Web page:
Object Lessons Online - Anna Quindlen
EVER AFTER, WHENEVER SHE SMELLED the peculiar odor of new construction, of pine planking and plastic plumbingpipes, she would think of that summer, think of it as the time of changes. She would never be an imprecise thinker, Maggie Scanlan; she would always see the trees as well as the forest. It would have been most like her to think of that summer as the summer her grandfather had the stroke, or the summer her mother learned to drive, or the summer Helen moved away, or the summer she and Debbie and Bruce and Richard became so beguiled by danger in the broad fields behind Maggie’s down-at-heel old house, or the summer she and Debbie stopped being friends.
All those things would be in her mind when she remembered that time later on. But they always came together, making her think of that summer as a time apart, a time which could never be forgotten but was terrible to remember: the time when her whole life changed, and when she changed, too. When she thought of herself and of her family, and of the town in which they lived, she thought of them torn in two—as they were before and as they were afterward, as though there had been a great rift in the earth of their existence, separating one piece of ground from the other. Her grandfather Scanlan always referred to life on earth and the life to come as here and hereafter: “You’ve got your here, and you’ve got your hereafter, little girl,” he had said to her more than once. “Take care of the first, and the second will take care of itself.” Sometimes Maggie remembered those words when she remembered that summer. Afterward, all the rest of her life would seem to her a hereafter. Here and hereafter, and in between was that summer, the time of changes.
Perhaps she saw it all whole because of so many years of listening to her grandfather create labels, calling everything from bare legs in church to the Mass performed in English “the Vatican follies,” lumping all the bullets and the bombs and the bloodshed in his native Ireland under the heading of “the Troubles.” Or perhaps it was because Maggie needed to find a common thread in the things that happened, all the things that turned that summer into the moat which separated her childhood from what came after, and which began to turn her into the person she would eventually become. “Change comes slowly,” Sister Anastasia, her history teacher, had written on the blackboard when Maggie was in seventh grade. But after that summer, the summer she turned thirteen, Maggie knew that, like so much else the nuns had taught her, this was untrue.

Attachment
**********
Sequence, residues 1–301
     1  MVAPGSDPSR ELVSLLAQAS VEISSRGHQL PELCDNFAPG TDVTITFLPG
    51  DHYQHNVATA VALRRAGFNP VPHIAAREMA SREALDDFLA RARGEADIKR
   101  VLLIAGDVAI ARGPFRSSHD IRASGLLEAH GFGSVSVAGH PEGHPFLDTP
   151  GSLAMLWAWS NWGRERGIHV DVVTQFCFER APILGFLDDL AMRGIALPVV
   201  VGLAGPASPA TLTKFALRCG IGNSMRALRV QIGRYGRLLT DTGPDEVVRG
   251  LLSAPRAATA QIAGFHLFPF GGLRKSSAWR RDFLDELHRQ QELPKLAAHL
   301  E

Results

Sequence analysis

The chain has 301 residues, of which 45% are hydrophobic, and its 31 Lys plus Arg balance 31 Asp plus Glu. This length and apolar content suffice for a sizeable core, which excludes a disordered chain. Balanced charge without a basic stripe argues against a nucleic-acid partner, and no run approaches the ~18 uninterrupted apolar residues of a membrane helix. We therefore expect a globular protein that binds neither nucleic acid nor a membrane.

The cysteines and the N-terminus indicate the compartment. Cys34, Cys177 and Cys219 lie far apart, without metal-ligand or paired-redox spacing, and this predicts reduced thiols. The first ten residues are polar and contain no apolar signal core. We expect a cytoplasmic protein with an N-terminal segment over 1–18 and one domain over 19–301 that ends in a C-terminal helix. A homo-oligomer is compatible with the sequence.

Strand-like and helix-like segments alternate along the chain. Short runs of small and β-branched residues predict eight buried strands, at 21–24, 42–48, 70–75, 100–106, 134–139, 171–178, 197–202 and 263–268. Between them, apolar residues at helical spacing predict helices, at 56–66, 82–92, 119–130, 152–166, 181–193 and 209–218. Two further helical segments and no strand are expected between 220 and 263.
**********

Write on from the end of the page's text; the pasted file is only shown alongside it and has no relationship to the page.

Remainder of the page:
Sometimes change came all at once, with a sound like a fire taking hold of dry wood and paper, with a roar that rose around you so you couldn’t hear yourself think. And then, when the roar died down, even when the fires were damped, everything was different. People came to realize, when they talked about those years, that they were years which set one sort of America apart from another. Twenty years later they would speak of that time as beginning with the war, or the sexual revolution, or Woodstock. But Maggie knew it right away; she believed it began with the sound of a bulldozer moving dirt in her own backyard.
For that was the summer they began building the development behind the Scanlan house. That was the beginning.
On a June morning, a week after school let out, Maggie came down to breakfast and found her father standing at the window over the sink with a cup of coffee in his hand, watching an earth mover the color of a pumpkin heave great scoops of dirt crowned with reeds and grass into the air and onto a pile just beyond the creek. Maggie stood beside him and pushed up on her skinny forearms to look outside, but all she could see was the shovel when it reached its highest point and changed gears with a powerful grinding that seemed to make her bones go cold.
“Son of a bitch,” Tommy Scanlan said with an air of wonder.
“Tom,” said Maggie’s mother, just “Tom,” but what it meant was, don’t swear in front of the children. Maggie’s father didn’t turn around or even seem to hear his wife. He just drank his coffee, making a little sibilant sound, and watched the earth mover lumber back and forth, back and